Unlike A ‘Rolling Stone,’ We Don’t Change Names Or Share Stories With Sources
Give Rolling Stone some credit for transparency. Sean Penn’s account of his trip to meet Joaquin “El Chapo” Guzmán is topped with this editor’s note:
“Disclosure: Some names have had to be changed, locations not named, and an understanding was brokered with the subject that this piece would be submitted for the subject’s approval before publication. The subject did not ask for any changes.”
There’s a good discussion to be had about the line between activism and journalism and how far across it the “El Chapo Speaks” piece goes. Let’s set that aside for now.
This post is about two simpler issues.
First, NPR does not create pseudonyms for sources. Doing so gives the audience a reason to ask what else might have been made up. If we need to protect someone’s identity, we most often use real first names, sometimes real middle names, sometimes real “street” or nicknames that the source is known by and sometimes descriptions (the “husband,” the “sister,” the “officer,” etc.). Whatever we do, we explain it in our reports. We include the reason why the person needs anonymity.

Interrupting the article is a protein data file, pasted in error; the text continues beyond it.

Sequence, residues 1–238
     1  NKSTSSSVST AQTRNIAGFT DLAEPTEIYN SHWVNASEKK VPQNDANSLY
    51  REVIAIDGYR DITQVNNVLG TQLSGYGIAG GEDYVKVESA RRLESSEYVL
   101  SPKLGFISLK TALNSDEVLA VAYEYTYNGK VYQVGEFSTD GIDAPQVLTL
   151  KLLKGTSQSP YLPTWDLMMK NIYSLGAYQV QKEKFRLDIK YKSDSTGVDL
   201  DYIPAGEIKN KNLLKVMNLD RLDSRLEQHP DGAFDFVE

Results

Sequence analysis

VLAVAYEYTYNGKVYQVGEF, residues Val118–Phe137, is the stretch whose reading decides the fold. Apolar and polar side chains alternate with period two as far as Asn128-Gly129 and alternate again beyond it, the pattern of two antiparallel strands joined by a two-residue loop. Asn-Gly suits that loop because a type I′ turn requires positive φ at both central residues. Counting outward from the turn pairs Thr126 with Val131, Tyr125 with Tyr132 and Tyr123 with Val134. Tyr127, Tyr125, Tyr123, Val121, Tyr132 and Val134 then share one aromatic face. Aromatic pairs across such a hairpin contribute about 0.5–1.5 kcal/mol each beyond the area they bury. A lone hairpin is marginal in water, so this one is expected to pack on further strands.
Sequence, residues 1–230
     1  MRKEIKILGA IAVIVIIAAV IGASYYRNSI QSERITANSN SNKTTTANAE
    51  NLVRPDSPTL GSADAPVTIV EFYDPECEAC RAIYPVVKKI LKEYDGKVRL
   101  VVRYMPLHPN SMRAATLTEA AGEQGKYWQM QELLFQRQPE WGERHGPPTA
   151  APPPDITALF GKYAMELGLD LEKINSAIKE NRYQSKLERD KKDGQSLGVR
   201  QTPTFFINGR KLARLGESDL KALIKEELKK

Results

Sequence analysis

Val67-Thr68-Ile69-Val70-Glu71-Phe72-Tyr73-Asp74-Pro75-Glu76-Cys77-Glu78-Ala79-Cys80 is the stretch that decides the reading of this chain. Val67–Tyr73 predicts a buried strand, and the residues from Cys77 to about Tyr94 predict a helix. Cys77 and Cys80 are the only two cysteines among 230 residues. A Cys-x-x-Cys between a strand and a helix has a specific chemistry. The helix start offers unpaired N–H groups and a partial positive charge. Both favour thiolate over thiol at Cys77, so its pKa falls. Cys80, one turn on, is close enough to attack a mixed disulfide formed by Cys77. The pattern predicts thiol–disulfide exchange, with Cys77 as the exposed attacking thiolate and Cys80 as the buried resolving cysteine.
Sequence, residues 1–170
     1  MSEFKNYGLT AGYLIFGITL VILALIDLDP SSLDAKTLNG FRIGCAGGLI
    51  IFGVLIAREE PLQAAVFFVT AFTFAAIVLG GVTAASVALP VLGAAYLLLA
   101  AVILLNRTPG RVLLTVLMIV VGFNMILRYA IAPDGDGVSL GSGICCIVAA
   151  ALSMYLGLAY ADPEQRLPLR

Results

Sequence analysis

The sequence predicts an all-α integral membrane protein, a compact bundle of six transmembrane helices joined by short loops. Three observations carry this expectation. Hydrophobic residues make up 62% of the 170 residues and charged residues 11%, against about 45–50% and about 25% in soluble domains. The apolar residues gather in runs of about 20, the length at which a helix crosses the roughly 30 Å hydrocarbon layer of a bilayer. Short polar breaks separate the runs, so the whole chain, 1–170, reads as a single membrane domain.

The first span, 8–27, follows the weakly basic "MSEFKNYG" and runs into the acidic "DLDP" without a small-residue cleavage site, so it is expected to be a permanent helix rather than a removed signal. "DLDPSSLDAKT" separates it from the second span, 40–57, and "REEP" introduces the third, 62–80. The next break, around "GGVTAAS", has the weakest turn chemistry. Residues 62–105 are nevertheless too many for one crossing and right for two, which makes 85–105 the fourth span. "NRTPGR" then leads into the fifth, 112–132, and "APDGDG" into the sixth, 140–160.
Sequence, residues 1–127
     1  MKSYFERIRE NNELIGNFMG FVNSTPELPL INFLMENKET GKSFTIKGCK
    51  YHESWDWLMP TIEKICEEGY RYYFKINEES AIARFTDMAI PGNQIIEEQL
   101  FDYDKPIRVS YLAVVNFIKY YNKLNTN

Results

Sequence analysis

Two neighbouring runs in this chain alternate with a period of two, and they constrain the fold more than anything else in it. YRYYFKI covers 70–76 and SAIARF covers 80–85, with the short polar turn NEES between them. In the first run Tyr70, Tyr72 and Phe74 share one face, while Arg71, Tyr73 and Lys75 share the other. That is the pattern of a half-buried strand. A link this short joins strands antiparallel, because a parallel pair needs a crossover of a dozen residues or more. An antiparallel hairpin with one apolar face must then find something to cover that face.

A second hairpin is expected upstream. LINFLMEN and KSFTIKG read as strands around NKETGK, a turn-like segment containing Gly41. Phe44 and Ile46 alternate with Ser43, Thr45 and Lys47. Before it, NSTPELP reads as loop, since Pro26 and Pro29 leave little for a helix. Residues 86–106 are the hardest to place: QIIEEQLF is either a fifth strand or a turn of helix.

We also pay attention to “the ‘don’ts’ of anonymity.” That is, no attacks, no disguises and no offers. The Ethics Handbook’s guidance on anonymous sourcing is collected here. Of particular importance is this guideline: “Describe Anonymous Sources As Clearly As You Can Without Identifying Them.”
Second, NPR does not show its stories to sources before broadcast or posting. Here is our guidance:
“For purposes of accuracy and fairness, there are times when we may want to review portions of a script with a source or read back a quotation to ensure we captured it correctly. We may also play audio or read transcripts of an interview to a third party if the purpose is to get that party’s reaction to what another person has said. Otherwise, however, the public is the first audience for our work — we don’t preview scripts or stories in advance of their broadcast or posting with sources, subjects of coverage or other parties outside NPR.”
(“Memmos;” Jan. 11, 2016)
January 11, 2016